Lift axle

Discussion in 'Flatbed Trucking Forum' started by RHay, Jun 24, 2020.

  1. RHay

    RHay Light Load Member

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    I have a fontane 48' spread. My front axle has a lift for when empty. My question is is there a reason most spread axles I see lift the front and not the rear? I realize you would have some rear tail to be concerned about, but seems like it would get around much better in towns and tight roads.
    I've been contemplating moving the lift to the rear axle and relocating the leveling valve to the front. Then I would lose the ability to dump the rear when taking corners. My other thought would be to put a leveling valve on each axle to elevate that issue. Any advice or pros and cons, please share.
     
    RunningAces Thanks this.
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  3. Phantom Trucker

    Phantom Trucker Light Load Member

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    With the front axle being a lift it adds a wee bit of weight on your drives. -Sometimes it's just enough to get you going again in slick/snowy situation in a yard or something.
     
    RunningAces Thanks this.
  4. "semi" retired

    "semi" retired Road Train Member

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    I've seen that too, lift the front axle. Not sure why, I'd lift the back axle for the same reasons you say. Some people just do it different, I guess. Maybe it doesn't look cool. Might ride a bit better, but empty shouldn't be a concern anyway. I'd change it so the back axle lifts. Can't be that tough.
     
  5. bad-luck

    bad-luck Road Train Member

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    The front axle on a spread, as I'm sure you're aware of really tears up the tires. It is done to save the tires and make turning easier
     
    Last edited: Jun 25, 2020
  6. RHay

    RHay Light Load Member

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    I'm aware of the front eating up tires but if you could lift the back and run on the front when empty it should get around better in town and tight places. Now loaded I'd still want to be able to dump the back axle. So I would need to move the leveling valve to the front axle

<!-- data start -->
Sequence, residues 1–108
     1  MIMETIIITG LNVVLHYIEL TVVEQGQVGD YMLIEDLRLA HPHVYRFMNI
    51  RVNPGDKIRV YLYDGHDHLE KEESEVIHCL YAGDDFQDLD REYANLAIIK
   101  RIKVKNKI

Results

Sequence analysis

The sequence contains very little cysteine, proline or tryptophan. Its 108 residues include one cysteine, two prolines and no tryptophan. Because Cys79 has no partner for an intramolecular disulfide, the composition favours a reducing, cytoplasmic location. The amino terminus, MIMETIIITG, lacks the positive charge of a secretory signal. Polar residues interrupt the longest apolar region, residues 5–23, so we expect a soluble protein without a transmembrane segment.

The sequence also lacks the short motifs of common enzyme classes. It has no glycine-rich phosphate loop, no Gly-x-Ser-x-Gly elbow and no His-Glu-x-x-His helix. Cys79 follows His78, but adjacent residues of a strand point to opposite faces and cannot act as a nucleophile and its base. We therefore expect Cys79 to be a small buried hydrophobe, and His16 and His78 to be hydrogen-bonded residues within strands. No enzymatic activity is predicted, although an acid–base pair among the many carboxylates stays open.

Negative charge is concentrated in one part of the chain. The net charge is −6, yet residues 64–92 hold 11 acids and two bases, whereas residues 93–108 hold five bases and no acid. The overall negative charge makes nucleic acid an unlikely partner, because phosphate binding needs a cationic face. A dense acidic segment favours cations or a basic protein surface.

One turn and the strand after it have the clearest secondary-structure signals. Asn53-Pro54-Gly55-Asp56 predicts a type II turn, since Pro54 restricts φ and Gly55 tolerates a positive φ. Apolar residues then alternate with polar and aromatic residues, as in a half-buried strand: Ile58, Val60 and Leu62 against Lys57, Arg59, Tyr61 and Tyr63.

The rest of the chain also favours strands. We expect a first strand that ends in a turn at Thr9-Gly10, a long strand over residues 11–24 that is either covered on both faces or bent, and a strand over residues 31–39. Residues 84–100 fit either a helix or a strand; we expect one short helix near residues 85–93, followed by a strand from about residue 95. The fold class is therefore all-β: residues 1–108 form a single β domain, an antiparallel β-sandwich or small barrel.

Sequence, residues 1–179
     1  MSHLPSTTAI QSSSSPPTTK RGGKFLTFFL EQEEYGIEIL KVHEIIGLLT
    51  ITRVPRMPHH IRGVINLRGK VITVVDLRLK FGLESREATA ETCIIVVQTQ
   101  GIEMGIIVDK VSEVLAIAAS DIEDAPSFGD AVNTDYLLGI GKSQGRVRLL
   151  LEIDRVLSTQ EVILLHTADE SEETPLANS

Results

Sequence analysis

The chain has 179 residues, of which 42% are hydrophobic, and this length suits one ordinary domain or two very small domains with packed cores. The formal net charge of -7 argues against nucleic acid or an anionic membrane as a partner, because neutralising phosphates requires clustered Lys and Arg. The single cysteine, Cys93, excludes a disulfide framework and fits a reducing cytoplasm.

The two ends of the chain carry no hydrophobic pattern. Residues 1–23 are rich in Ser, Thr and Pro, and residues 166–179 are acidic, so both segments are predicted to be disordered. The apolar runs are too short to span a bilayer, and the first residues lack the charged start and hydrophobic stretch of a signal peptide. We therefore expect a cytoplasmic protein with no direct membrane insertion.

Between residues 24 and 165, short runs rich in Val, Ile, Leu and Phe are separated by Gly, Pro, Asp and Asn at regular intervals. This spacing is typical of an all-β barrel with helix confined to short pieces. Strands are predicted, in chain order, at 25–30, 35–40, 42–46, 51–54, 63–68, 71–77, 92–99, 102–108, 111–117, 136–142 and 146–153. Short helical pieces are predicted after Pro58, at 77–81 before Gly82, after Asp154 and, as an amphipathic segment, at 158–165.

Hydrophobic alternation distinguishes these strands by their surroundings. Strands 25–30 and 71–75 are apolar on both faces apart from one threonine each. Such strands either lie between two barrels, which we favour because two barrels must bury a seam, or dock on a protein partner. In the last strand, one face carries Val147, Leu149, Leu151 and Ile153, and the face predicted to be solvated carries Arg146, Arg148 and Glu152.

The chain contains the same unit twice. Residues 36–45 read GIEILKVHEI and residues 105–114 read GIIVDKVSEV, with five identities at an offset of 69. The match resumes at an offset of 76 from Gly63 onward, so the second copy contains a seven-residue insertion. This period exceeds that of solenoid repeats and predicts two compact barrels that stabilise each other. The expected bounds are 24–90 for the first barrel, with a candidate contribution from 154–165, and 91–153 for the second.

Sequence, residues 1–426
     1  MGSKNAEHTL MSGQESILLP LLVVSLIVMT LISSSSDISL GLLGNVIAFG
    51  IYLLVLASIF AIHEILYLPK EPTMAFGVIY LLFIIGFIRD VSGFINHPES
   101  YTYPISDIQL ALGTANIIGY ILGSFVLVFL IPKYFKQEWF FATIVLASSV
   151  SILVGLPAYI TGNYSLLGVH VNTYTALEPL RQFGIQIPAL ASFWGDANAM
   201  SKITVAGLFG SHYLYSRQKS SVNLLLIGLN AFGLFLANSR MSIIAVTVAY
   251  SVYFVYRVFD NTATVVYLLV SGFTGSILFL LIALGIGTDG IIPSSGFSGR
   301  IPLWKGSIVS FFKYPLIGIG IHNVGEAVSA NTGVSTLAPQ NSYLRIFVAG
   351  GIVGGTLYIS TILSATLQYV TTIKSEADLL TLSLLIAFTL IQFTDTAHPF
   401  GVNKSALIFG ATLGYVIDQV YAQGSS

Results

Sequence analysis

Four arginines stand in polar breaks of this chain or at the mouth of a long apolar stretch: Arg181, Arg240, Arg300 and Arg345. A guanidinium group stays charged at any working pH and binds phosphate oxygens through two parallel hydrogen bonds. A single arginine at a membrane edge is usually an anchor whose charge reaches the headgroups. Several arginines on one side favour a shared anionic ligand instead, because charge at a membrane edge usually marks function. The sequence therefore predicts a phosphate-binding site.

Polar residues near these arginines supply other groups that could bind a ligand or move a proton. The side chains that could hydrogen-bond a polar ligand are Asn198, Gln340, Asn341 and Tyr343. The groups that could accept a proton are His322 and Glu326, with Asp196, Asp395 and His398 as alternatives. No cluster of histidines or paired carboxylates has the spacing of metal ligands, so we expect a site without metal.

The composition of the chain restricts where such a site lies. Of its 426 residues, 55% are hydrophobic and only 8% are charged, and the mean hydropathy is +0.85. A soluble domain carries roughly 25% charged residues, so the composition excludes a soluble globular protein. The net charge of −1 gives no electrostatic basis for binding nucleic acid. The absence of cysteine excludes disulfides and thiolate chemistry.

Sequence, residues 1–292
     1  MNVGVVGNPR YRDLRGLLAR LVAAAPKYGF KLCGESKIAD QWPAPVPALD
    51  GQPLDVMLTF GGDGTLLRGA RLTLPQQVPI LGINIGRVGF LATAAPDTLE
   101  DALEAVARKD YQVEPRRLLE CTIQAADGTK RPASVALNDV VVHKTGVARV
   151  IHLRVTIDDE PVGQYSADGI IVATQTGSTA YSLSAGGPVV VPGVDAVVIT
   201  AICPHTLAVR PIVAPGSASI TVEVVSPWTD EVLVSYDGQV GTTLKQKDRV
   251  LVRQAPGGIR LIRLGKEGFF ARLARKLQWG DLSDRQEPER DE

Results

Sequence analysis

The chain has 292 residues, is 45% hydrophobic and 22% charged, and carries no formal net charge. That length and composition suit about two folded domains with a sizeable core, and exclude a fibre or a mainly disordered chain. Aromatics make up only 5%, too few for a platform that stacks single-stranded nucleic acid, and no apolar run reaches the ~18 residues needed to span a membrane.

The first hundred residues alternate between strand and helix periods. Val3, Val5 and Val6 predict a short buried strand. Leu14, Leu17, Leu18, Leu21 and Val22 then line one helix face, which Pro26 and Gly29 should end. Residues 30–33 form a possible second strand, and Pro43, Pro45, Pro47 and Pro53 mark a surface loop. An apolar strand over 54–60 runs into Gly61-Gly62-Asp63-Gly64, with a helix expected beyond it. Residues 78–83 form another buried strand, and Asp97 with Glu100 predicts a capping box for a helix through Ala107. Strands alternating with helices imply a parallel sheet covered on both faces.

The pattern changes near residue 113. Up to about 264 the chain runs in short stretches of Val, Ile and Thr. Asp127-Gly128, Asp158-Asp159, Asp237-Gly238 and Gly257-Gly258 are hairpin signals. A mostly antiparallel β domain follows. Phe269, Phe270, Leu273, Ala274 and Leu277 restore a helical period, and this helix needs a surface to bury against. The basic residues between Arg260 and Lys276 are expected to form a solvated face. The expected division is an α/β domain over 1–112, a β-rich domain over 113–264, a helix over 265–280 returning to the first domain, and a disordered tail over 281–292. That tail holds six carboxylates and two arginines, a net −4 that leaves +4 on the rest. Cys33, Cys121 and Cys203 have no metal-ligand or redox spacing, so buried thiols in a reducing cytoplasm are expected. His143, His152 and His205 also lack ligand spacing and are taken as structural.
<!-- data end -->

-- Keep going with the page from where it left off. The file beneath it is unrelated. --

7. brianv31

    brianv31 Light Load Member

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    Bulk trailers with a 4-2 tandem like a pneumatic or a tanker lift the front as well. I've thought the same as you, and lifting the rear instead of the front would make you legal in states with a short KPLA law. RGNs with a tri axle group lift the rear.
     
  8. bad-luck

    bad-luck Road Train Member

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    As long as the front lift axle is not automatic like some of the newer trailers it goes down when you have, I think over 16K or something like that you can just keep lift down and put a dump on your rear axle that will pretty much accomplish what you are trying to do and not wear the tires very much
     
  9. bad-luck

    bad-luck Road Train Member

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    A tandem lift axle is usually done to save on tolls as well as tire wear
     
    Speed_Drums and brianv31 Thank this.
  10. kwswan

    kwswan Road Train Member

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    You don't have to move the leveling valve to the front axle
    The dump valve will still work on the rear with the leveling valve on the back axle.
     
    beastr123 Thanks this.
  11. Rontonio

    Rontonio Road Train Member

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    I will tell you that adding 10’ of tail swing going around corners in tight city spaces is going to be a much bigger pain the ### than having 10’ more inner bridge.

    I post this for my prospective

    1A795792-7D3A-471D-8C48-CAF14AFA4012.jpeg


    this is like 14’ of tail swing ( maybe 2-3’ more than running on the front axle of a spread)

    I have seen guys wipe out cars in the left or light poles behind them in a tight u turn
     
    cke, Tug Toy, shawnhhllc and 3 others Thank this.
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